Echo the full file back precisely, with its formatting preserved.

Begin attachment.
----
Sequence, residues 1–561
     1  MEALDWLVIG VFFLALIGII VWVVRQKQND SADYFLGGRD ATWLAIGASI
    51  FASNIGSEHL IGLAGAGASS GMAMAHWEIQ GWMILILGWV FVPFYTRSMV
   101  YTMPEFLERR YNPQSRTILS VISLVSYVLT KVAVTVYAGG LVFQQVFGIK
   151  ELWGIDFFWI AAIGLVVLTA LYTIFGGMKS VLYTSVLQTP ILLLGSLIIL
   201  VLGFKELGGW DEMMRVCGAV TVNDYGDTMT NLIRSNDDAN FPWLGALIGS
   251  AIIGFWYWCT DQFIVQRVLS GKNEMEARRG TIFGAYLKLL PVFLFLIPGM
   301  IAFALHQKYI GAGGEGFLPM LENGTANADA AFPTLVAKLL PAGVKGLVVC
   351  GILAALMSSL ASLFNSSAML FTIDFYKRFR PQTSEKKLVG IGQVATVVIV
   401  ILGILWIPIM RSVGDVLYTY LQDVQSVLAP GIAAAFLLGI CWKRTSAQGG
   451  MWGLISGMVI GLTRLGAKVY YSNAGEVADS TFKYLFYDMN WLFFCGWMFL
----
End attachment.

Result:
Sequence, residues 1–561
     1  MEALDWLVIG VFFLALIGII VWVVRQKQND SADYFLGGRD ATWLAIGASI
    51  FASNIGSEHL IGLAGAGASS GMAMAHWEIQ GWMILILGWV FVPFYTRSMV
   101  YTMPEFLERR YNPQSRTILS VISLVSYVLT KVAVTVYAGG LVFQQVFGIK
   151  ELWGIDFFWI AAIGLVVLTA LYTIFGGMKS VLYTSVLQTP ILLLGSLIIL
   201  VLGFKELGGW DEMMRVCGAV TVNDYGDTMT NLIRSNDDAN FPWLGALIGS
   251  AIIGFWYWCT DQFIVQRVLS GKNEMEARRG TIFGAYLKLL PVFLFLIPGM
   301  IAFALHQKYI GAGGEGFLPM LENGTANADA AFPTLVAKLL PAGVKGLVVC
   351  GILAALMSSL ASLFNSSAML FTIDFYKRFR PQTSEKKLVG IGQVATVVIV
   401  ILGILWIPIM RSVGDVLYTY LQDVQSVLAP GIAAAFLLGI CWKRTSAQGG
   451  MWGLISGMVI GLTRLGAKVY YSNAGEVADS TFKYLFYDMN WLFFCGWMFL